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SALT LAKE CITY — Utah lawmakers passed a record 535 bills in 2017, and with more than 1,200 bill requests on the docket this year that record could be in jeopardy when the 2018 session gets underway Monday.
The base of the session circles around the $16.7 billion 2018 state budget Gov. Gary Herbert unveiled in December, which includes increases to both K-12 and higher education spending, as well as increases to social programs (such as $10 million toward Operation Rio Grande), $10 million for a new state park at Echo Reservoir and upgrades to Olympic venues to amp up Utah’s potential bid for a future winter Olympics.
However, there will be much more up for vote — including taxes, air quality, affordable housing and everything in between.
Education will likely be a major topic — as always — during this year’s session. Herbert referred to 2018 as the “Year of the Technical Education” during his December budget announcement. His budget proposal included putting a solid chunk of $382 million in new revenue toward education.
That includes a focus on technical colleges. During the Salt Lake Chamber's annual Economic Outlook and Public Policy Summit last week, Sen. Karen Mayne, D-West Valley, echoed similar sentiments, saying teachers and counselors should push to encourage more students to look at technical jobs and not just four or more-year college degrees.
“We need to take children and guide them in the right way. … We want to make sure everyone is highly skilled, no matter what you choose to do,” she said.
There is, of course, a change in taxes expected to take place in February, when a $1.5 trillion federal tax overhaul signed by Donald Trump in December takes effect. It remains to be seen what that means for Utah income and the various uses it could affect, like such as education.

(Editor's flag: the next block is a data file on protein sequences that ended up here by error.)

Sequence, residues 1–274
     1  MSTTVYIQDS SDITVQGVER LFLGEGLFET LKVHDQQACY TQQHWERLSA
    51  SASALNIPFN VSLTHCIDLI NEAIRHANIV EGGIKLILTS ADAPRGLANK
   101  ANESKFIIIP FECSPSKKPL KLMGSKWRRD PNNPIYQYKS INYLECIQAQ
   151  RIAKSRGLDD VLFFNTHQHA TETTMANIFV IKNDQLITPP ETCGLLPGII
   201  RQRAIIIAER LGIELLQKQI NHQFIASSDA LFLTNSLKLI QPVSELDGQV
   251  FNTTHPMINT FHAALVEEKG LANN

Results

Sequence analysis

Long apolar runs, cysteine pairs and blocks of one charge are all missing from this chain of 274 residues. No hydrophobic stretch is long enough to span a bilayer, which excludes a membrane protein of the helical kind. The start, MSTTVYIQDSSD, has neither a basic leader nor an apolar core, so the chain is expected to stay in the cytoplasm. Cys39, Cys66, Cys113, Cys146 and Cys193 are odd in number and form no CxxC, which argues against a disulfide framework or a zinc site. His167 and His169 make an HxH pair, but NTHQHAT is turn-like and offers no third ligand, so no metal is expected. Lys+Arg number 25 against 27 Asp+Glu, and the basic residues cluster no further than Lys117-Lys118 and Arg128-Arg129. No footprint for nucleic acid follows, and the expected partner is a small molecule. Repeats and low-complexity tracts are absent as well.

“Hopefully we’ll see a bit of a windfall from this federal tax reform, and then hopefully we’ll see some increases when we look at our final revenue numbers in February,” said Sen. Jerry Stevenson, R-Layton, during Tuesday’s legislative preview.
State taxes are anticipated to be in the conversion during this year’s session.
Point of the Mountain
Another topic up for discussion that could play out deals is what to do with areas in the southern part of Salt Lake County and the northern part of Utah County, such as the Point of the Mountain and the outgoing battle over the Utah State Prison site in Draper. The area has had trouble with a growing amount of traffic, but has also become a tech hotbed in recent years.
“You look at all the activity that’s going on there, you’ll see there’s almost a black hole that’s 700 acres — that is that prison area,” said Utah House Speaker Greg Hughes on Tuesday. “We don’t think ... we absolutely know that area, as it’s being master-planned, is going to grow this economy.”
The Point of the Mountain Development Commission is expected to meet during the first day of the session.
There are also several initiatives happening away from legislation that may weigh over the session such as Count My Vote — a bill that would alter the current caucus model in elections — as well as an initiative to allow the use of medical marijuana, another for education spending, and another for changing Utah’s current political boundaries.
While they could play a factor in bills proposed at the Capitol, those initiatives wouldn’t be decided on until they are placed on a ballot during this year’s election.